About Sharon Palmer, RDN
Thanks to Sharon, The Plant-Powered Dietitian, for guest blogging.

Sharon Palmer, RDN, The Plant-Powered Dietitian™, is an award-winning food and nutrition expert, journalist, and editor. She is author of The Plant-Powered Diet: The Lifelong Eating Plan for Achieving Health, Beginning Today (The Experiment, 2012) and Plant-Powered for Life: Eat Your Way to Lasting Health with 52 Simple Steps & 125 Delicious Recipes (The Experiment, 2014). Sharon also is editor of Environmental Nutrition, nutrition editor of Today’s Dietitian, blogger for The Plant-Powered Blog, and publisher of her monthly The Plant-Powered Newsletter. Living in the chaparral hills overlooking Los Angeles with her husband and two sons, Sharon enjoys visiting her local farmers market, gardening, and cooking for friends and family.

Eating a Plant-Based Diet Doesn’t Have to Break the Bank

There are so many reasons people put off eating a more healthful plant-based diet: time, motivation, and cooking skills, to name a few. But one of the main reasons people are not eating a cancer and disease protective diet, filled with fruits, vegetables, whole grains, nuts and seeds, boils down to one simple factor: cost. In fact, a new AICR survey found that 35% of Americans who said their diets were not very healthy cited cost as being the most important factor getting in the way.SharonP_blog

It’s easy to see why people might think healthy, plant-filled eating is synonymous with high cost. Tiny packages of “superfoods”, like blueberries, walnuts, and spices seem to carry a hefty price tag for such small containers, especially compared to fast food drive-throughs boasting dollar menus. Indeed, it’s true that many less healthful foods carry discount prices, such as liters of soda, giant bags of chips, and high fat ground beef, giving the impression that healthy foods will break your food budget. But you have to dig a little bit deeper.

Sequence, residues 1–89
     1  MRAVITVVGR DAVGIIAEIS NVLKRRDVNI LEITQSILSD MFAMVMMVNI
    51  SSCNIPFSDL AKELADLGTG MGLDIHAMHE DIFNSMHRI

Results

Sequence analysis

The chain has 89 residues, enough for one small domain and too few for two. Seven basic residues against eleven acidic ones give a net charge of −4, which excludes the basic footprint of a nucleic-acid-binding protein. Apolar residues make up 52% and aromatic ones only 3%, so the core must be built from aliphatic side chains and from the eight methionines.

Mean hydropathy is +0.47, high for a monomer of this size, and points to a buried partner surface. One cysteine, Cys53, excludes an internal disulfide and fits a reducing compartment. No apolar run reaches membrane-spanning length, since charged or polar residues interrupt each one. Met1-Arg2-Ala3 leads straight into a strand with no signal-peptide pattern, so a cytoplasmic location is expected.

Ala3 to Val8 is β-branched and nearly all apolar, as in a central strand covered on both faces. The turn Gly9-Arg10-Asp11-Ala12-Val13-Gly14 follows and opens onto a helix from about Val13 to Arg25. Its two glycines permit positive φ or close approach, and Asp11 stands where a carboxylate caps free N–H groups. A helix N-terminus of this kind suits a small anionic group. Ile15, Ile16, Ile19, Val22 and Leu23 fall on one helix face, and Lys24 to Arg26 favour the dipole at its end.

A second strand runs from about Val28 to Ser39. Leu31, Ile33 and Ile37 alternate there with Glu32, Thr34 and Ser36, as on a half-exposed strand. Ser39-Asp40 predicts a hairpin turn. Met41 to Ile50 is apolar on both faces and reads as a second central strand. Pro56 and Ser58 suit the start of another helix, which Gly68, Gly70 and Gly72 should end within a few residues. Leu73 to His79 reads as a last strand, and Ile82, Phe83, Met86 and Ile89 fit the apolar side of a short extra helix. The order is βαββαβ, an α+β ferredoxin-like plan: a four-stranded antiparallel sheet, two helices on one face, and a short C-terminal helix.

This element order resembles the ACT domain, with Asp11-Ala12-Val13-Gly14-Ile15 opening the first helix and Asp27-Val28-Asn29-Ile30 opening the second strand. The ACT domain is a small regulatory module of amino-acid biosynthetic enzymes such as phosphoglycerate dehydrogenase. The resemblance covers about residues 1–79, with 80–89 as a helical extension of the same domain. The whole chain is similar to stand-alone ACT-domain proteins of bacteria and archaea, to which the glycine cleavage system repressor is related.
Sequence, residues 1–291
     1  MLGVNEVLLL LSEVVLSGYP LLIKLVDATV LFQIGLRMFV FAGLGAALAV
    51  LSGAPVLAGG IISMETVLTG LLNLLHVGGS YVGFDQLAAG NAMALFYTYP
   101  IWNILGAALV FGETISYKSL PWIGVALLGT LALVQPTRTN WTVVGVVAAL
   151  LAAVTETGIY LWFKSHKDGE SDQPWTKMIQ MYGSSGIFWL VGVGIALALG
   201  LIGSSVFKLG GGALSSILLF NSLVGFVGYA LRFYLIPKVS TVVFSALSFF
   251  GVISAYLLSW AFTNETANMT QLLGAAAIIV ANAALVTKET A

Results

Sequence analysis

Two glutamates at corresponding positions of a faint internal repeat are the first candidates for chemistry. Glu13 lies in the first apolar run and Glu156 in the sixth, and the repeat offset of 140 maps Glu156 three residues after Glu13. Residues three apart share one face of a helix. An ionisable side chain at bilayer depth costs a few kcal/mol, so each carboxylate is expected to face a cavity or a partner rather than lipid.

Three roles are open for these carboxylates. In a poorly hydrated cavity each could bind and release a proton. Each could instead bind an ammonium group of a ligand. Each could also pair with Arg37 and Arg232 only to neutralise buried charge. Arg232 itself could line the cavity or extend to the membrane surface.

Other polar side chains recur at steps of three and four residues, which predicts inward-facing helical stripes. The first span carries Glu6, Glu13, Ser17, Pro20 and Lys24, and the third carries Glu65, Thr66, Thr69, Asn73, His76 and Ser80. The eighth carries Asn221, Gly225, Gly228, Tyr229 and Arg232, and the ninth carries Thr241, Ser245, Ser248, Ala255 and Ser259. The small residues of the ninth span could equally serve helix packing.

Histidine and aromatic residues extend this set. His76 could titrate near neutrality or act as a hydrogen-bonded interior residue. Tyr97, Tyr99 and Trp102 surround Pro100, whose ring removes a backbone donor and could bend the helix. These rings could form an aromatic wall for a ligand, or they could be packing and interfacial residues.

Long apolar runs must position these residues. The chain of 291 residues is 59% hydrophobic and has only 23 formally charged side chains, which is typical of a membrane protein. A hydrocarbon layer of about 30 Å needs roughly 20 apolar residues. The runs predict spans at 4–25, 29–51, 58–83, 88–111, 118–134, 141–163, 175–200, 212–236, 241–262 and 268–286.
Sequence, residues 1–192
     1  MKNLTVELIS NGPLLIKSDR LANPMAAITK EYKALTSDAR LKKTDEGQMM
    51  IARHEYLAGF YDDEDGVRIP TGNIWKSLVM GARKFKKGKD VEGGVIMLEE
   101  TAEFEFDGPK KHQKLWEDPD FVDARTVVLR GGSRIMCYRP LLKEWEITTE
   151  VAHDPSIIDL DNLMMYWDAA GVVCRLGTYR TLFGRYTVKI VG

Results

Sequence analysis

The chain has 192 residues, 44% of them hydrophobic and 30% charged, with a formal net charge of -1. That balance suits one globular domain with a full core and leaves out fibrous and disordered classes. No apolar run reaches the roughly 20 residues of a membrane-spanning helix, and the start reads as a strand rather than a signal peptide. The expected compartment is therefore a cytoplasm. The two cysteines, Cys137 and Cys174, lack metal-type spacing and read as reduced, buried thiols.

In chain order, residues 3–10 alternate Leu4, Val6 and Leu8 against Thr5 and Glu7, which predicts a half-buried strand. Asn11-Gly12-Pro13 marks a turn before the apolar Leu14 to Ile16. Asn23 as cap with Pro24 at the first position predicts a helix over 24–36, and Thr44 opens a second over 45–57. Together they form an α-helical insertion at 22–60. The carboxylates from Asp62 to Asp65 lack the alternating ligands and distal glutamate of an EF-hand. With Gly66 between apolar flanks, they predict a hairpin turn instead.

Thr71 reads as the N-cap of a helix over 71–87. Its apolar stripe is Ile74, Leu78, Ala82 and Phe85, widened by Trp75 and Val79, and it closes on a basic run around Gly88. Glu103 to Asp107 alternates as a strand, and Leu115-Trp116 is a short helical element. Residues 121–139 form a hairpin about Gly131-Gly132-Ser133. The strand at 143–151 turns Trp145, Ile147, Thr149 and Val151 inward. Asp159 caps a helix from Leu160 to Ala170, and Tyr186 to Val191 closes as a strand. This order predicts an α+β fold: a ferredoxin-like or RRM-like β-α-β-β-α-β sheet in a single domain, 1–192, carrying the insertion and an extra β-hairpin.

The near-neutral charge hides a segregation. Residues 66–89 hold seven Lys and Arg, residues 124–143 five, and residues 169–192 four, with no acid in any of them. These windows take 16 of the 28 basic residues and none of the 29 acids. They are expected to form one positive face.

Many plant-based foods are amazingly easy on the pocket book. Take dried beans, a bag of brown rice, and a jar of peanut butter, for example, which all contribute a wealth of important nutrients for a tiny price. In contrast, generally the animal proteins—steak, chicken, pork—are the most costly contributions to the meal. In fact, a recent study found that people who adopt a more plant-based diet, such as a vegetarian diet, save an average of $750 per year on groceries, compared to those who eat meat-heavy diets.

The bottom line: You can have your healthy, plant-fueled diet without breaking the bank, and here are my top 6 tips for doing just that: Continue reading

Three Tips to Start Powering Your Diet with Plants

It’s Cancer Prevention Month—time to think about what you can do to reduce your risk of cancer.  An estimated one-third of the most common cancer cases can be prevented through a healthy lifestyle: diet, exercise, and a healthy weight. Your daily food choices can create a cancer-promoting environment, or a cancer-fighting one.

Shanghai Stir Fry with Forbidden Rice, from Sharon's new book, Plant-Powered for Life.

Shanghai Stir Fry with Forbidden Rice, from Sharon’s new book, Plant-Powered for Life.

So, what’s the picture perfect diet for cancer protection? It’s a plant-based diet—a diet rich in whole, minimally processed plant foods, such as legumes (beans, lentils, peas), whole grains, vegetable, fruits, nuts and seeds. You should pile your plate at least two-thirds full of these foods at every meal. That’s because whole plant foods contain a symphony of health-protective nutrients, such as vitamins, minerals, fiber and phytochemicals that can fight oxidative stress and inflammation—roots of cancer and other chronic diseases—and boost your immune function.

If you’re new to plant-based eating, it may seem challenging: there are vegetables to chop, beans to soak, whole grains to cook, and new food ingredients, such as tofu, to discover.  But it doesn’t have to be complicated!

Here are my top three tips to get started: Continue reading